The Bush administration's original (and now superseded) "torture memos" strain contemporary understandings of the United States' obligations under the Convention Against Torture. (2) These documents also mock traditional understandings of the relationship between international law and treaties and of the executive's power to interpret and apply them. (3) Perhaps most alarming are the administration's attempts to undermine the spirit of both domestic legislation and international law by employing a "strict constructionist" interpretive methodology while embracing an expansive view of executive power. The Bush administration's approach weakens American law's carefully constructed system of checks and balances by aggrandizing power to the executive branch at the expense of both coordinate branches.
Short of impeaching the president and removing him from office--a drastic step that is likely to be both politically unpopular and ineffective in restoring the country's reputation as a leader in human rights issues--what other avenues exist for restraining the executive? This Note argues that the Supreme Court should take a far more activist approach in reviewing executive interpretation of international law and that it may do so while remaining consistent with judicial precedent. In particular, this Note focuses on the administration's conduct of the War on Terror and specifically on its application of, or threats to use, torture. It concludes that the president does not, in fact, have the power to terminate unilaterally the Convention Against Torture because treaties that embody human rights norms (especially peremptory norms like torture) are fundamentally different from other sorts of treaties. (4)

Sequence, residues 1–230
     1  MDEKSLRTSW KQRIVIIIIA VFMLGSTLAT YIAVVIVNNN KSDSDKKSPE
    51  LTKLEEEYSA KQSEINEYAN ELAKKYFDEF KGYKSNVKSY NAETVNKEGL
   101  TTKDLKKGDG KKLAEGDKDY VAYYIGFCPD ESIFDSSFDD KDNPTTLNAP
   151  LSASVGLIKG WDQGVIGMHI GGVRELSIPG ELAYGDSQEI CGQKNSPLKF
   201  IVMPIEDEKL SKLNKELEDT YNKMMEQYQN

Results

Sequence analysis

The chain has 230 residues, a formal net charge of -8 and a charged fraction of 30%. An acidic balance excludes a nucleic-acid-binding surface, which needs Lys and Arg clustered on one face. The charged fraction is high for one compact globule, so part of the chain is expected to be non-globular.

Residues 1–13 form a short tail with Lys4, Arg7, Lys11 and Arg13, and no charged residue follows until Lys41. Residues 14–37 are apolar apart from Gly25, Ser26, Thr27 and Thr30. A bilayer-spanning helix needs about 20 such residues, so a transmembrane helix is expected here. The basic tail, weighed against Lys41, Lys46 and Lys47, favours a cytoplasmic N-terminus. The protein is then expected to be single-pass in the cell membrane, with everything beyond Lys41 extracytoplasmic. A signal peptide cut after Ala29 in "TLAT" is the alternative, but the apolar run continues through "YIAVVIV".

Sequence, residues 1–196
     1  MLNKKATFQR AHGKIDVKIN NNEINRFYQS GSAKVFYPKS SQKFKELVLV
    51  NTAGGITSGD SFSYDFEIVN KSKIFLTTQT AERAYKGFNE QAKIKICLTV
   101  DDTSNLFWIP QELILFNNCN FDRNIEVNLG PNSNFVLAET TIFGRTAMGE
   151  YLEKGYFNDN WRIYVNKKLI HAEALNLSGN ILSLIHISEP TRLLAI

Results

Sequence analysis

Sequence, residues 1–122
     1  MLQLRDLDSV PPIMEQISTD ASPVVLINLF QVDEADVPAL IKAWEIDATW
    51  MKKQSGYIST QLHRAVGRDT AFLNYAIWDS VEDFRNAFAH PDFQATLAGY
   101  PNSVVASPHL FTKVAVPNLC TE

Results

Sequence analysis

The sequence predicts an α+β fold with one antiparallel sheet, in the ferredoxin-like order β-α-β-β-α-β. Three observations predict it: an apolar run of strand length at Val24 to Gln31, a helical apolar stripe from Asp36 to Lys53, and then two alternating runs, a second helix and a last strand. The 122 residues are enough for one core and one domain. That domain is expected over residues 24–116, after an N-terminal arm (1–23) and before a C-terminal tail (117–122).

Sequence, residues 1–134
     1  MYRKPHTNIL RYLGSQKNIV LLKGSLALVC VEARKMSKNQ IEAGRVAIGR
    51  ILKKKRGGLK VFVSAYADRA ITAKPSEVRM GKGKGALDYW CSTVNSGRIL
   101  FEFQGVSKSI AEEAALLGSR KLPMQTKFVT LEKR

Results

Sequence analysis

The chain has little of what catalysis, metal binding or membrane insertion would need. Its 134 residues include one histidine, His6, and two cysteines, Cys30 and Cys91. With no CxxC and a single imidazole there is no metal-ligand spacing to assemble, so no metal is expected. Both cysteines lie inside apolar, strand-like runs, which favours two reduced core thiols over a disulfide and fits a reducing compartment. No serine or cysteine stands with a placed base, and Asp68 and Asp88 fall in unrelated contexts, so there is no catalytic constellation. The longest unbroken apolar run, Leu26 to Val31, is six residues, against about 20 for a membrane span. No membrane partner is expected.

The interplay of traditional and contemporary understandings of international law--especially customary international law and peremptory norms--combined with well-established interpretations of the treaty power suggest that the balance of power between the executive and judicial branches should vary with the subject matter of a treaty. True, the United States Court of Appeals for the District of Columbia Circuit did state, in Goldwater v. Carter, (5) that "[t]here is no judicially ascertainable and manageable method of making any distinction among treaties on the basis of their substance." (6) However, the development of international humanitarian and human rights law in the twentieth century, and especially in the twenty-five years since Goldwater was decided, suggests otherwise.
The recognition of some rules of international law as peremptory norms from which no derogation is permitted (jus cogens) provides a "judicially ascertainable and manageable method" (7) of distinguishing treaties based on subject matter. These treaties provide the Supreme Court with legitimate, constitutional reasons to overrule congressional and executive treaty interpretations. Although U.S. courts long ago adopted a rule of construction that accorded treaties and statutes equal weight, (8) jurists added a caveat: "[u]nless it is for some reason distinguishable from other laws, the rule which [a treaty] gives may be displaced by the legislative power, at its pleasure." (9)
Treaties dealing with peremptory norms are categorically different from other treaties. Human rights treaties, and related implementing legislation, grant specific and far-reaching rights directly to individuals. These rights, by virtue of reason, should be held by courts as equal to constitutional freedoms and rights; like those freedoms and rights, neither the executive nor the legislative branch should be able to alter or infringe them in any but the most compelling circumstances (and certainly not unilaterally, as by executive order). The Supreme Court's recognition of this equivalence would give it an axe to wield that it cannot carry into interpretative battles regarding other treaties. (10) This axe can restore …